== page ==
Iain Douglas-Hamilton, the founder of Save the Elephants, has just received the world’s leading award for animal conservation – the Indianapolis Prize. It’s a hugely prestigious award,which is presented with justifiable fanfare at a glittering gala awards ceremony. As Chairman of Save the Elephants, my husband, Fritz Vollrath, was very keen to accept the invitation to attend the award ceremony – and I, as one of Iain’s (and his wife Oria’s) greatest fans, wanted to be there, too. So we whizzed off to the US on Thursday, and returned to the UK early this Monday morning. We were away for barely three days – but three days that were chock-full of new and never to be forgotten experiences. Many of which took place at the Indianapolis Zoo.
The Indianapolis Prize is a visible component of the internationally recognized conservation efforts being undertaken by the Indianapolis Zoo. As guests of the zoo, we were taken on an amazing, behind-the-scenes tour of its less public but vital conservation efforts, which, for example brought me face to face (literally) with a handsome doe eyed walrus , and standing shoulder to knee (my shoulder, her knee) with a beautiful, laconic African elephant. This was the first time I have seen, let alone touched (and been kissed by), a walrus in the flesh, and it was the first time I have been so up close and personal with an elephant; the magnificent, wonderful animals that I love to watch, from a respectful distance, when in Kenya.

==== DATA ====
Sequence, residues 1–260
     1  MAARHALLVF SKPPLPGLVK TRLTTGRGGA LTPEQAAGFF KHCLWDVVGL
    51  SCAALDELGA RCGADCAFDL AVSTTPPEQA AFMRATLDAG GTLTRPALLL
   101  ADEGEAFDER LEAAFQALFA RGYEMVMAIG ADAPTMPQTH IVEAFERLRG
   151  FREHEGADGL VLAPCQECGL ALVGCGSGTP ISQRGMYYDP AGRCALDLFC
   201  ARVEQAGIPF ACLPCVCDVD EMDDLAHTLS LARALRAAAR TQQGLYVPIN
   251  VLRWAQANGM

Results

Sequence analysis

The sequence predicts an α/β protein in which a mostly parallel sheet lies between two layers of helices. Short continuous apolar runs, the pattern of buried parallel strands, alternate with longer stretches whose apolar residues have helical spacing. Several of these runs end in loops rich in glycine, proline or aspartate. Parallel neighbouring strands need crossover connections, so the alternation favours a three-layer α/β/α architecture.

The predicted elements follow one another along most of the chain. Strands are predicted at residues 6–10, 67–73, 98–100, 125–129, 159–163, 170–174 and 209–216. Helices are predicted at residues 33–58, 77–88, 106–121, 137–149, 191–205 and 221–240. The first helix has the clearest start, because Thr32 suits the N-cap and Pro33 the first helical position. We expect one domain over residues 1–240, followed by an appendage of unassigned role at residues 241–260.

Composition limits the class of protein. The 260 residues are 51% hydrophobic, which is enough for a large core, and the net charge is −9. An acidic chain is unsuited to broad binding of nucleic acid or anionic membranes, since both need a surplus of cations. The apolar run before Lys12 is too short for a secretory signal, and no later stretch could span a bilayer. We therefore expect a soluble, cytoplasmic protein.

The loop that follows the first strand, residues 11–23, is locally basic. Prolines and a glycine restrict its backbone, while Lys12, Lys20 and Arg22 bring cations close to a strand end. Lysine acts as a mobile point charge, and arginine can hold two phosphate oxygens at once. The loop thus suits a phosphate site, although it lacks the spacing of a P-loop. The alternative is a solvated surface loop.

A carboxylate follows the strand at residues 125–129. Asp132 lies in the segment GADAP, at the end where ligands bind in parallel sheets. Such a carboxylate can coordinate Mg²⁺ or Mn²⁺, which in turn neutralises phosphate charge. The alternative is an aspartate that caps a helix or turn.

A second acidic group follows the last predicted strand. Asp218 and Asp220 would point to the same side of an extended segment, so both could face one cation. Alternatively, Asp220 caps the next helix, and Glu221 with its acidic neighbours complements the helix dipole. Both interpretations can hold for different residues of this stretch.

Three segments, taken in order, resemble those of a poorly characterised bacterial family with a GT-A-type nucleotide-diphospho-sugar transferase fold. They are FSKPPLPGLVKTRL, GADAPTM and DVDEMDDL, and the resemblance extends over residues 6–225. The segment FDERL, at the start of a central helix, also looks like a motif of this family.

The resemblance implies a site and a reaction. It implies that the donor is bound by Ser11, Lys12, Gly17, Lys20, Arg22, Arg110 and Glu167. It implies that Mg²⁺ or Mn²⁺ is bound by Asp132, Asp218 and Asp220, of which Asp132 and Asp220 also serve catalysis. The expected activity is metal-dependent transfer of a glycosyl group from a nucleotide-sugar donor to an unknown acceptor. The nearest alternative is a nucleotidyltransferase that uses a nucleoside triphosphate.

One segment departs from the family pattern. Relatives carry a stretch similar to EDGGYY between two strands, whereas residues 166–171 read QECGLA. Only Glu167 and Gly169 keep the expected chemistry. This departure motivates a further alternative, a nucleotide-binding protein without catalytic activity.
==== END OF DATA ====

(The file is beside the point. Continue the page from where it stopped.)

To round off an enchanting day at the zoo, I was surprised (pleasantly, I hasten to add) to come across the zoo’s custom made version of Jenga pulling in the crowds.Devised to illustrate to small children the interconnectivity of life in an Amazonian rainforest, each block represented an animal or plant. If a block was removed – the kapok tree for example – any creature supported by that tree found itself either without a foot hold, or hanging on with great difficulty.